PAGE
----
During National Volunteering Week, Lowther Castle salutes its invaluable supporters


Just ten years ago, Lowther Castle – the great Gothic castle that sits just outside Penrith – was a sorry ruin. While various bodies including English Heritage had helped start the castle’s recovery programme, there was nevertheless a great deal to do. The masonry of the building itself was dangerously unstable. The gardens were overrun with undergrowth.

While the castle’s journey towards its current position – as an award-winning tourist destination – has had many ups and downs, one of the major factors in its rehabilitation has been the input of volunteers.

Without the help of volunteers, the Countess Garden would not be the oasis of green calm that it now is but would still be full of poplar trees; the shapes and formations of the Japanese Garden would still be under thickets of brambles; the Rock Garden would be barely visible. Volunteers were responsible for the great swathes of narcissi that visitors now enjoy every spring in the Patte d’Oie (in 2012, a world record was made there when over 600 volunteers planted 106,652 daffodil bulbs in just under three hours). They were also responsible for the planting of the 28,000 Camassia bulbs which are now blooming in the wildflower meadows.

Of the many people who have made a remarkable contribution to Lowther Castle’s regeneration, husband and wife team Tony & Lynne Rumsey have been among those involved for longest. Tony began his professional life in 1968 as a photographer with the Royal Commission on the Historical Monuments of England. For 35 years, Tony travelled the country photographing historical sites and buildings including Royal Palaces and Residences, Stately Homes, Private Estates (like Lowther), Cathedrals and Churches, ruins of all sorts, Industrial Complexes, Prisons, Military Establishments, Archaeological sites, Farms, Barns, and Beach Huts and all other Listed Buildings as per the Statutory Lists.He also helped the RCHME and later English Heritage to preserve their collection of over 10 million images.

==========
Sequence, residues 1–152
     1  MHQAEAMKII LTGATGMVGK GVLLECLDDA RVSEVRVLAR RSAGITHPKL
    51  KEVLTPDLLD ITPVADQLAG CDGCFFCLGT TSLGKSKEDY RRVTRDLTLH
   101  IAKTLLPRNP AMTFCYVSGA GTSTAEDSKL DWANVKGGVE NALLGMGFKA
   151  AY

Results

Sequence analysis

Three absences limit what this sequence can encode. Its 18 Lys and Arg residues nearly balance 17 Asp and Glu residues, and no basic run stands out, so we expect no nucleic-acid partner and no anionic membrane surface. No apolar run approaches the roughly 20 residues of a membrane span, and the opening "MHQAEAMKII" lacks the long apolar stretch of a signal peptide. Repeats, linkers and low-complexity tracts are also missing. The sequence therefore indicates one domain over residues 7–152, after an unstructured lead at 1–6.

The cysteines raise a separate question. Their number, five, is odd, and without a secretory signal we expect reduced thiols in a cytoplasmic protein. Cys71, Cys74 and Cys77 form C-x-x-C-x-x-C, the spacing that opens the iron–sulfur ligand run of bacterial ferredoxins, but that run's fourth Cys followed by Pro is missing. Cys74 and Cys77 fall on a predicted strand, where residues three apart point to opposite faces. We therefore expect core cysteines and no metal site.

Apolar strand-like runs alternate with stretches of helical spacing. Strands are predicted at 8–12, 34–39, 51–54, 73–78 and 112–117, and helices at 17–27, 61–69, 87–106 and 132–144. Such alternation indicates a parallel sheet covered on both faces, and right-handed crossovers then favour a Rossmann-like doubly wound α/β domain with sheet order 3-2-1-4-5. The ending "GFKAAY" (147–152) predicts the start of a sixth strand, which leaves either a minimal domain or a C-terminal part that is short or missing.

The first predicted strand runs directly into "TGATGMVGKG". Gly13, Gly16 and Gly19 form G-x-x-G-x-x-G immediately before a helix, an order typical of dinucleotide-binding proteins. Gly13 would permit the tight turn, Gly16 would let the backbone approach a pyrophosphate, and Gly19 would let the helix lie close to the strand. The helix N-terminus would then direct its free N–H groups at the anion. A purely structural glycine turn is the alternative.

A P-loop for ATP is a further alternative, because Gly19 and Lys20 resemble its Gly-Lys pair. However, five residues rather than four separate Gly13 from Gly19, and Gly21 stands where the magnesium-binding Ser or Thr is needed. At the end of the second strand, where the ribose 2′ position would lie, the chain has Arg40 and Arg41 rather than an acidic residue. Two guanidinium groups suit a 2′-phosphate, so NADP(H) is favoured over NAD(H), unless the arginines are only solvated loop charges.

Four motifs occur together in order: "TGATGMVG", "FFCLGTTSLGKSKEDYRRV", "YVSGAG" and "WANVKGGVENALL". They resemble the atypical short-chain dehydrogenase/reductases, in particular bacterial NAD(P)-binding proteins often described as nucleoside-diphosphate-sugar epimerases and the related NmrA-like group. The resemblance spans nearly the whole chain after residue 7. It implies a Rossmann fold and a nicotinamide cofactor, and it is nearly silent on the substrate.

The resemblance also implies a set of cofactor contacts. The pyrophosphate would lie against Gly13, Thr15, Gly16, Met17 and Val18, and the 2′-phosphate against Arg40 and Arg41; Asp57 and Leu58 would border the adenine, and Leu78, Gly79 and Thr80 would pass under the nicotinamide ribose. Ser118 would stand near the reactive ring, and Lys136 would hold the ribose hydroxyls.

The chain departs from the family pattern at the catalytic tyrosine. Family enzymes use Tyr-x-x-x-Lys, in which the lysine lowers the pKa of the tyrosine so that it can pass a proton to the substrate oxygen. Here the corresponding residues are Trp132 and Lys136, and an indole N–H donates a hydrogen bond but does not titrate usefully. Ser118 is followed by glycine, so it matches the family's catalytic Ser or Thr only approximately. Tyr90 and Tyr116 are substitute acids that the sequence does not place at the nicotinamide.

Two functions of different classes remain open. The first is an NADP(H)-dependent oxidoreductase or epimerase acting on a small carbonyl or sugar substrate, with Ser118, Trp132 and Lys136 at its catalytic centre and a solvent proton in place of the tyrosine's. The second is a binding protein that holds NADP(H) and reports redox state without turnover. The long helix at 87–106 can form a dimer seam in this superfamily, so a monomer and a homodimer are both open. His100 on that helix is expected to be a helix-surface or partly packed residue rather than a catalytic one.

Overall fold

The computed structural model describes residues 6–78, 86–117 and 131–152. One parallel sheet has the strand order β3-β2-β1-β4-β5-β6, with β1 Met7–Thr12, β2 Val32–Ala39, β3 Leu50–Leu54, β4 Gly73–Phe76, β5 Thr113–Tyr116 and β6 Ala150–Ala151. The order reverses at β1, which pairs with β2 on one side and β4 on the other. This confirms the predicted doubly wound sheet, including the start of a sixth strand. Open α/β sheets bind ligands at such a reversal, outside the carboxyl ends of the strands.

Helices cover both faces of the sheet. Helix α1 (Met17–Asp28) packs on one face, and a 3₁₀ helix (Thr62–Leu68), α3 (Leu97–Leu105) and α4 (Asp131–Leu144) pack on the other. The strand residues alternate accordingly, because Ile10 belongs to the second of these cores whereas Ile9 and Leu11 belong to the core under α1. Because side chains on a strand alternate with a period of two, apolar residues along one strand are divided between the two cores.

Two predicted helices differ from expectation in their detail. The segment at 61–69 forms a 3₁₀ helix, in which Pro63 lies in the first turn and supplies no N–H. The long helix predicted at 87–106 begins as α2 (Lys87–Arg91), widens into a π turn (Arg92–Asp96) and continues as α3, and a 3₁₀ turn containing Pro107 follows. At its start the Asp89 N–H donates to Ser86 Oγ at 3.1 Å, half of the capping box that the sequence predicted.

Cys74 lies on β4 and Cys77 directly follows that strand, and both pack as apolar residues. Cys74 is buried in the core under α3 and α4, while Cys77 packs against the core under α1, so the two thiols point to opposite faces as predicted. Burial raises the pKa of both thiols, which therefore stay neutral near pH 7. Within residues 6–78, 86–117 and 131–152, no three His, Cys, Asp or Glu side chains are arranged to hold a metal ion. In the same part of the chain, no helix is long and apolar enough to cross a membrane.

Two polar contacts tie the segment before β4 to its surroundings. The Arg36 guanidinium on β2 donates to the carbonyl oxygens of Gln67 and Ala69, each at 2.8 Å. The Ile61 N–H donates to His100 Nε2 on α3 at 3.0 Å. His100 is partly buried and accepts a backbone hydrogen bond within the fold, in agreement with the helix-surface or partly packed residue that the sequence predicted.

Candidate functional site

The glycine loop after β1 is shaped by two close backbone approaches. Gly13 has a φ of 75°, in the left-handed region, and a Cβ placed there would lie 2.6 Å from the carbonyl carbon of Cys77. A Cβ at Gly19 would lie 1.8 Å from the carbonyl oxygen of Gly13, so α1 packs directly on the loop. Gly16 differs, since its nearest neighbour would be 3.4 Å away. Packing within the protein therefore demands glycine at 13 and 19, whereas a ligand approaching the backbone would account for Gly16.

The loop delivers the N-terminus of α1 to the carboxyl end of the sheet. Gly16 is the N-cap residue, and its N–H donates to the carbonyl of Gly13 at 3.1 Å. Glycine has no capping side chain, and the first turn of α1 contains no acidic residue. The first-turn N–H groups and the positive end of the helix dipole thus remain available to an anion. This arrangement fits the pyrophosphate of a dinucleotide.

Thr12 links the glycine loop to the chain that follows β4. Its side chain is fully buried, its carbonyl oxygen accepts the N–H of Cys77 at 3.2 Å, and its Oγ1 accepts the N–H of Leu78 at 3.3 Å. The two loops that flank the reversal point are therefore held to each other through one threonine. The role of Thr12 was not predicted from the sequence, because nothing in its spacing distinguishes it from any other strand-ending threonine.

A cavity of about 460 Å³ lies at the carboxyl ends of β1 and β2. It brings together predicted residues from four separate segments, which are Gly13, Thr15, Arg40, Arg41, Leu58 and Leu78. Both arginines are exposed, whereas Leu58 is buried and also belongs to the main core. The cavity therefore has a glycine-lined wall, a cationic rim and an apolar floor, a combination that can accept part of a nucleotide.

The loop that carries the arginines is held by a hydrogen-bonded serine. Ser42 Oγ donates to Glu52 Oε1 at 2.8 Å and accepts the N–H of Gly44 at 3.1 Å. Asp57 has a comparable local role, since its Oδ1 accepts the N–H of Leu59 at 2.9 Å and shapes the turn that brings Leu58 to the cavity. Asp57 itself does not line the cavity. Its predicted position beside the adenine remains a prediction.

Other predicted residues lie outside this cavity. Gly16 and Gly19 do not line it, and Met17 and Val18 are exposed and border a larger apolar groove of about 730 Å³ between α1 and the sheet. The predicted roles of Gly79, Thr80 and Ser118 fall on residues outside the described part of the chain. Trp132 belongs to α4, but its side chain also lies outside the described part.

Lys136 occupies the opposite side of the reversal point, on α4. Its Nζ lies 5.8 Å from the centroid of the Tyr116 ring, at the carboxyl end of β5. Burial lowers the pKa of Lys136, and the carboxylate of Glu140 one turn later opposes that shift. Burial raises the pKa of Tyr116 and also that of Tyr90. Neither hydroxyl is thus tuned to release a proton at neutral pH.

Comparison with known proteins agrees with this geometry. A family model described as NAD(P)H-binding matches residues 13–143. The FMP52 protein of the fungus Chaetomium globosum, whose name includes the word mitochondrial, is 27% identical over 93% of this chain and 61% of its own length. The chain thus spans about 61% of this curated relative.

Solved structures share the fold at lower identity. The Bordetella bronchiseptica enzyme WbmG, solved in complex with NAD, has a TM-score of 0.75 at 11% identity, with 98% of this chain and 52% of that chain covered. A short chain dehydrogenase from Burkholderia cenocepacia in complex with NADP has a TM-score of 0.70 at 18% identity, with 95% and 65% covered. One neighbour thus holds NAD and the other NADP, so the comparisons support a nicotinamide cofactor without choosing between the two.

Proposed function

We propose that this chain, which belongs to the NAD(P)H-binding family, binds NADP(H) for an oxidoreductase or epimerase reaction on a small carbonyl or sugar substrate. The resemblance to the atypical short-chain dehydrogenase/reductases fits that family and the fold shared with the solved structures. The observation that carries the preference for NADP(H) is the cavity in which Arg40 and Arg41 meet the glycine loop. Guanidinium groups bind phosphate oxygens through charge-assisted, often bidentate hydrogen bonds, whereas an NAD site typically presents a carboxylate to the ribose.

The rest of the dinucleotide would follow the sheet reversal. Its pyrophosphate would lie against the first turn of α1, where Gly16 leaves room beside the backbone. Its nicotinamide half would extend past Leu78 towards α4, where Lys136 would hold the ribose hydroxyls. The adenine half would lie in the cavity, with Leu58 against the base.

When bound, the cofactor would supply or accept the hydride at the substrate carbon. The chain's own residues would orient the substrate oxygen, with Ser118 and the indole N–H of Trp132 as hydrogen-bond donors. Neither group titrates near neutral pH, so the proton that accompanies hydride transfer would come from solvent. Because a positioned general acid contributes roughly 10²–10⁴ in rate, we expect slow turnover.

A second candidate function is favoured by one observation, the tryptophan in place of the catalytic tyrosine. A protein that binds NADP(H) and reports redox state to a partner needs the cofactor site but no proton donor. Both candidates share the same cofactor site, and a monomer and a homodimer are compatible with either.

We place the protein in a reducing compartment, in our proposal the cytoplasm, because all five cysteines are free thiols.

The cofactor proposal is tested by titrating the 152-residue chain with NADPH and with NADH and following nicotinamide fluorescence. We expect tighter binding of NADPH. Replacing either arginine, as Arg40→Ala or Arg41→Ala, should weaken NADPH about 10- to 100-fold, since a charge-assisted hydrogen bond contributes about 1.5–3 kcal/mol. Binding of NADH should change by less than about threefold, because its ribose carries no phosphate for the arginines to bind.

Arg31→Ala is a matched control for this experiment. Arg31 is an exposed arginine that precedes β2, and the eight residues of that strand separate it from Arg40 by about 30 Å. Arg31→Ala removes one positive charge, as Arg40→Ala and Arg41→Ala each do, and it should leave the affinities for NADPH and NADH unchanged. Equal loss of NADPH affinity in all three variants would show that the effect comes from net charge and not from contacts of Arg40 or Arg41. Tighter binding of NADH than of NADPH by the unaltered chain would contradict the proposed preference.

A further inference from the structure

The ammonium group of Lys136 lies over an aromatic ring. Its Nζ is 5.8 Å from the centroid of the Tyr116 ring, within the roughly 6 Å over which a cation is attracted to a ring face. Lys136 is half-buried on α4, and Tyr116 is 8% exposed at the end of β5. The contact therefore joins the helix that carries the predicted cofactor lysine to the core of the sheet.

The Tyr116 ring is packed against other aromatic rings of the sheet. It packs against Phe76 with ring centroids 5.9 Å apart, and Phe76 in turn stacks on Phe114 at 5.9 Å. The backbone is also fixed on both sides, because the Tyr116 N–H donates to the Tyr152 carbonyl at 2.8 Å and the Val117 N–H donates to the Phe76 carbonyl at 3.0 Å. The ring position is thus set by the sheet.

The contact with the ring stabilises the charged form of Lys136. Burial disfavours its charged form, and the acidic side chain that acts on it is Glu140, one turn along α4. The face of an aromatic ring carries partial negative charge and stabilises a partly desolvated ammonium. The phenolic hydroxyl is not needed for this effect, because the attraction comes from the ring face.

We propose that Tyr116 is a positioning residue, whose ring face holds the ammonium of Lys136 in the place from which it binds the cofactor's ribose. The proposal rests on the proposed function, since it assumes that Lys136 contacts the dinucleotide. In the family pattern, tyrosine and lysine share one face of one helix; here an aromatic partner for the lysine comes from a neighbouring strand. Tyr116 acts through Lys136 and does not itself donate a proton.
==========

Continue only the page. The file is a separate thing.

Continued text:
Tony retired from this job – the only job he held in his life! – in 2011 and moved to Cumbria.

“Lynne and I spent all our holidays in the Lake District. We fell in love with the area around Penrith and the Eden Valley and promised ourselves we would move here one day. We first found Lowther Castle when we brought our children to the Lowther Wildlife Park on one of our holidays. We were hooked from this point on, were always driving through the park and taking walks around the Castle walls wondering what lay beyond. Our cameras were always clicking.”

On arrival in the Lakes, Lynne became a garden volunteer at Lowther and has been a regular on an almost weekly basis for over eight years. Tony meanwhile kept clicking and was eventually persuaded to set up a website that visitors and other interested parties could enjoy his photographs. The website now contains over 17,000 images charting the changes at Lowther Castle since 2011. It is a remarkable photographic record.

Jim Lowther, owner of Lowther Castle, said this week: “Volunteering is frequently cited today as an excellent contributor towards a sense of personal well-being. We are hugely indebted to our volunteers for their remarkable contribution to us. We are proud to be part in this way of the Penrith community and look forward to many more decades of collaborative effort. Three cheers for volunteers!”

If readers would like to volunteer at Lowther Castle – either in the gardens or at one of our flagship events such as Hallowe’en or Fireworks Night – please contact Ben Melling on 01931 712192 or send an email to


Further press enquiries including image requests to Charlotte Fairbairn
Claire Logan-Stephens

Tel: 01931 712192


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